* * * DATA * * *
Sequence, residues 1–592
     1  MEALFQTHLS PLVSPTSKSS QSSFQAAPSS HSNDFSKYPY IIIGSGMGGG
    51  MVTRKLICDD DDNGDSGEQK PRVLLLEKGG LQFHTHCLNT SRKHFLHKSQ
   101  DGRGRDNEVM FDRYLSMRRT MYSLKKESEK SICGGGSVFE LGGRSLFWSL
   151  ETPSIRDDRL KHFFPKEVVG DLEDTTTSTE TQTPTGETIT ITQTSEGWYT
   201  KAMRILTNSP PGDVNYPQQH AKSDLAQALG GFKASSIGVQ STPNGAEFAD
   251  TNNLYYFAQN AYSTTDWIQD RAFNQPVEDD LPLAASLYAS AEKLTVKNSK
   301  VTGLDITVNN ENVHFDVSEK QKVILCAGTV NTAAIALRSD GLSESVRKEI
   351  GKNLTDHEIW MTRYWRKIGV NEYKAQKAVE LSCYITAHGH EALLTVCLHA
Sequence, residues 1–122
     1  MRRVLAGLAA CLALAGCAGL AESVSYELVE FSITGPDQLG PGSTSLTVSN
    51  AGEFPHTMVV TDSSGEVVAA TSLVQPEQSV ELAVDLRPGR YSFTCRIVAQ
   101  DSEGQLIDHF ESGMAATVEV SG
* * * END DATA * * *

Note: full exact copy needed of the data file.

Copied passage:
Sequence, residues 1–592
     1  MEALFQTHLS PLVSPTSKSS QSSFQAAPSS HSNDFSKYPY IIIGSGMGGG
    51  MVTRKLICDD DDNGDSGEQK PRVLLLEKGG LQFHTHCLNT SRKHFLHKSQ
   101  DGRGRDNEVM FDRYLSMRRT MYSLKKESEK SICGGGSVFE LGGRSLFWSL
   151  ETPSIRDDRL KHFFPKEVVG DLEDTTTSTE TQTPTGETIT ITQTSEGWYT
   201  KAMRILTNSP PGDVNYPQQH AKSDLAQALG GFKASSIGVQ STPNGAEFAD
   251  TNNLYYFAQN AYSTTDWIQD RAFNQPVEDD LPLAASLYAS AEKLTVKNSK
   301  VTGLDITVNN ENVHFDVSEK QKVILCAGTV NTAAIALRSD GLSESVRKEI
   351  GKNLTDHEIW MTRYWRKIGV NEYKAQKAVE LSCYITAHGH EALLTVCLHA
Sequence, residues 1–122
     1  MRRVLAGLAA CLALAGCAGL AESVSYELVE FSITGPDQLG PGSTSLTVSN
    51  AGEFPHTMVV TDSSGEVVAA TSLVQPEQSV ELAVDLRPGR YSFTCRIVAQ
   101  DSEGQLIDHF ESGMAATVEV SG